Each child learns differently. Multiple studies mention that a child’s way to success is through a concept called a “learning style.” A learning style is defined as “a certain way one processes and retains information.” There are three categories: visual, auditory, and kinesthetic (hands-on). We all share traits of each of these categories, but there is usually one we gravitate toward.
What does this mean for homeschooling your child? First, you should determine what your learning style is, as well as your child’s. Check out the descriptions below:
- Visual learner. This type of learning style focuses on observation and sense of sight. Diagrams, charts, and lists are all ways a visual learner takes in the information presented. Their preferred method of learning is through reading. They also visualize through imagination. But don’t forget: A visual learner can have visual overload, so be aware of their body language if they look confused or fatigued.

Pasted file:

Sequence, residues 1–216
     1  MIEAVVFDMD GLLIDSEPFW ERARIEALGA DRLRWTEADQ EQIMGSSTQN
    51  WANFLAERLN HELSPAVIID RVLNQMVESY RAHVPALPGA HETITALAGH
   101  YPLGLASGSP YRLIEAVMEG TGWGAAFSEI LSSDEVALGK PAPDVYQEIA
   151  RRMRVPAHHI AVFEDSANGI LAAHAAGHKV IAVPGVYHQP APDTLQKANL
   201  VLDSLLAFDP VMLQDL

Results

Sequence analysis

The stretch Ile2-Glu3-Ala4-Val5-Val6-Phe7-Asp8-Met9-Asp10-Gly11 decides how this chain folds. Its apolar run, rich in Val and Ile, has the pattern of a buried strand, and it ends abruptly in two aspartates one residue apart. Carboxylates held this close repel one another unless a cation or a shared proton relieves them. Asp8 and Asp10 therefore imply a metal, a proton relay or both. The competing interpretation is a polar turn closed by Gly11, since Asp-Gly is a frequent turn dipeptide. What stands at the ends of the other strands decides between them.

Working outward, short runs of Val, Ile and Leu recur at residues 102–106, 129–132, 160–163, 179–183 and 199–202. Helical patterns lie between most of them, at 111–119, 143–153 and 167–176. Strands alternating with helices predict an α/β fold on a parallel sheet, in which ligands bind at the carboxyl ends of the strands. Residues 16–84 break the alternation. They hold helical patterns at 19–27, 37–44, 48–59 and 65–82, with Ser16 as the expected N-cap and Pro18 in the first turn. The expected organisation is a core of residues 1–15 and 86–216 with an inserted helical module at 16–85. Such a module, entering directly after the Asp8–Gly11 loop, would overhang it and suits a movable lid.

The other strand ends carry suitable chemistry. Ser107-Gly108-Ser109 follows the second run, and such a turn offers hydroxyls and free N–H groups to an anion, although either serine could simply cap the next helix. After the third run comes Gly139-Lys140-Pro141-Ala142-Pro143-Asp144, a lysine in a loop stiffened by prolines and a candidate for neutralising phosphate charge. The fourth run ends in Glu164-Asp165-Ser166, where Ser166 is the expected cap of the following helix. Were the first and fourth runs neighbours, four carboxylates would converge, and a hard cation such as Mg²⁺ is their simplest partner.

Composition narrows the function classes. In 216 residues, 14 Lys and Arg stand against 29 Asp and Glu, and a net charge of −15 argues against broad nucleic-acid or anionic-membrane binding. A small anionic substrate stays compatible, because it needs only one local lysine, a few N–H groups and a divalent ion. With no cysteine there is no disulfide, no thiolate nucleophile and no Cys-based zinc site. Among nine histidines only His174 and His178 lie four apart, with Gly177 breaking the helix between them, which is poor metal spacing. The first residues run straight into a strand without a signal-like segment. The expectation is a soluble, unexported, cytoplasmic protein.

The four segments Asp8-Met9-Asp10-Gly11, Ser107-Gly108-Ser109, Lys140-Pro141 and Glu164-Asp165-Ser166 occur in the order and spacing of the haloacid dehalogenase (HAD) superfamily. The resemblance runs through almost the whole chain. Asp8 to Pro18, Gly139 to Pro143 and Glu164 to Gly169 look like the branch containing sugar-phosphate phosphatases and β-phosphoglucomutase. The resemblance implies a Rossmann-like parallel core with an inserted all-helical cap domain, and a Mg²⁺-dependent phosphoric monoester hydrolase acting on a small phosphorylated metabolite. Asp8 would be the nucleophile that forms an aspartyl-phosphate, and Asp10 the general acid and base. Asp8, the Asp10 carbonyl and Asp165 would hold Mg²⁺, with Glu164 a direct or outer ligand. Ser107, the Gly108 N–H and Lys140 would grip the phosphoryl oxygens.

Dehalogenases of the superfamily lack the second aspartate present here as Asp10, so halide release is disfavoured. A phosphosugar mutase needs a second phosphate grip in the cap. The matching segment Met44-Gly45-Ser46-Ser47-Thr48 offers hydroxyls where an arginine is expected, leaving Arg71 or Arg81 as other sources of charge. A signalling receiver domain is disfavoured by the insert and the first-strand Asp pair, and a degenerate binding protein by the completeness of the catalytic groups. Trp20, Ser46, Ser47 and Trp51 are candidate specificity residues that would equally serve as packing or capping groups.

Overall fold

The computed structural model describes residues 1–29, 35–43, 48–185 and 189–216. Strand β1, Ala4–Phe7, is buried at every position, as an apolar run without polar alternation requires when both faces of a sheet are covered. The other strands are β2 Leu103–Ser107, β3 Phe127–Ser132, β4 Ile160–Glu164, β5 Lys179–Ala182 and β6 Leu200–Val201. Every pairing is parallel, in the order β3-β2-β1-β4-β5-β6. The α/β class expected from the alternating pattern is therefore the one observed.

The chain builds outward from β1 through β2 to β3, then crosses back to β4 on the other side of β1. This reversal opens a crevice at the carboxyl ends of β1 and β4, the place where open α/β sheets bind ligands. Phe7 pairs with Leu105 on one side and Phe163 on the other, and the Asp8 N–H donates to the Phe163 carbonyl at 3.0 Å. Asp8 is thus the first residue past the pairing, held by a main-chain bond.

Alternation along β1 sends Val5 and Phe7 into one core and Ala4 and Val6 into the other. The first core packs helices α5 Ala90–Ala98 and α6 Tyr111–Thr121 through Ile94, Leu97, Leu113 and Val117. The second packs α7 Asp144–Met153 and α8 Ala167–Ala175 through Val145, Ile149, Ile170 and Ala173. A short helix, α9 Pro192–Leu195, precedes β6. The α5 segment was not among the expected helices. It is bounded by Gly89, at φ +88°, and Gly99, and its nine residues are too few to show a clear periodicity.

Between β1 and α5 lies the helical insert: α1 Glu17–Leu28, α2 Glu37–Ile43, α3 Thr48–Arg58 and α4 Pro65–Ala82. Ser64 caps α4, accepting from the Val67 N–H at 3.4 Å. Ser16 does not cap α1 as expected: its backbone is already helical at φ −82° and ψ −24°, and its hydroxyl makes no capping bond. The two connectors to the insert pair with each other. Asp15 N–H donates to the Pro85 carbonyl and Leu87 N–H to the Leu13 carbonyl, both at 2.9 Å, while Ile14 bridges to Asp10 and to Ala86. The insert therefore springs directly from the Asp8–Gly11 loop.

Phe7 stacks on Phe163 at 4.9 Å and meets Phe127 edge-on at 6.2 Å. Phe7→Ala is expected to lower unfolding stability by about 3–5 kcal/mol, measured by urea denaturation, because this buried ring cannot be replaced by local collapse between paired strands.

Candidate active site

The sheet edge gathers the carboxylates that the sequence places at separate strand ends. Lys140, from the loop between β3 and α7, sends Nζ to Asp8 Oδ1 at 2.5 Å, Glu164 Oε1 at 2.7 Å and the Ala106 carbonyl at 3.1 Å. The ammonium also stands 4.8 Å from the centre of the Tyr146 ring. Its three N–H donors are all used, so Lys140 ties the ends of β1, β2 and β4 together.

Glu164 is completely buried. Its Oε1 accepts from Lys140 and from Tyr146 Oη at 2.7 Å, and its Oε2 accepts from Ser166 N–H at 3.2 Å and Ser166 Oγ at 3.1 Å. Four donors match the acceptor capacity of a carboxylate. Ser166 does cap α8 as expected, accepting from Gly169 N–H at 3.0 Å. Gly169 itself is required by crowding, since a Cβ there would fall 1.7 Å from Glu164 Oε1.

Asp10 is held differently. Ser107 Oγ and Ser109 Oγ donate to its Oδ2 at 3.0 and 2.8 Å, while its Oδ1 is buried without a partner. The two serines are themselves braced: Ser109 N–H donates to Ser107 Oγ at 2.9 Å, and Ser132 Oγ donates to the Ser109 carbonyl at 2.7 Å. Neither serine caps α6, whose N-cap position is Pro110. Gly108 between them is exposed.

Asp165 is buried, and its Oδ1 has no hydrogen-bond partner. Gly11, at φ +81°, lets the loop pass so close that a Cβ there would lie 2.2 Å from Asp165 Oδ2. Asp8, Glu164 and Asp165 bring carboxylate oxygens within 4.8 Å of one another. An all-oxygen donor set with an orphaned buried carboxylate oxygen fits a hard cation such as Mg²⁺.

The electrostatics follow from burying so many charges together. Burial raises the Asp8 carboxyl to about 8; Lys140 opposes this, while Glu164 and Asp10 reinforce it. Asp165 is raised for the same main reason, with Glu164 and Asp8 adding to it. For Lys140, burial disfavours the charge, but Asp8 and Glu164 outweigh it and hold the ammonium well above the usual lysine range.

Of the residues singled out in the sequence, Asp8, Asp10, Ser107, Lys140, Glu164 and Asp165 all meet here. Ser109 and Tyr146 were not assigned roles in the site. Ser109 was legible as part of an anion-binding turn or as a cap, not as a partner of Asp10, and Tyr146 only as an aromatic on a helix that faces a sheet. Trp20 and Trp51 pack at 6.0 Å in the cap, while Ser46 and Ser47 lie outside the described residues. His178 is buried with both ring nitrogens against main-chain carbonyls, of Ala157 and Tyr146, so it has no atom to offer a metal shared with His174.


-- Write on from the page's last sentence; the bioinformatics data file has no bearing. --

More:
- Auditory learner. Do you have a chatty child? Then he or she might be an auditory learner! Talking and listening are the best ways this type of learner can process information. A great method for studying for a test is to record a lecture, then have it played back to the auditory learner. However, make sure you have a quiet place for them — it will help them concentrate better!
- Kinesthetic (hands-on) learner. The movers and shakers! Your child may tap their foot or pencil and have trouble sitting still. Structured, hands-on activity is the best route for these doers. Incorporating movement into lessons will fuel your child’s passion for schoolwork. Because kinesthetic learners are movers, don’t schedule too much time sitting down. They want to be active — literally! — in their studies!
Now you know the definition of each learning style! But the knowledge doesn’t stop here! You must teach according to your child’s learning style. How? Have your child (and you!) take our Learning Style Assessment at LearningStyles.me.
Want to know more about learning styles? Check out the Why Learning Styles Matter white paper to dig deep into what learning styles mean for you and your child.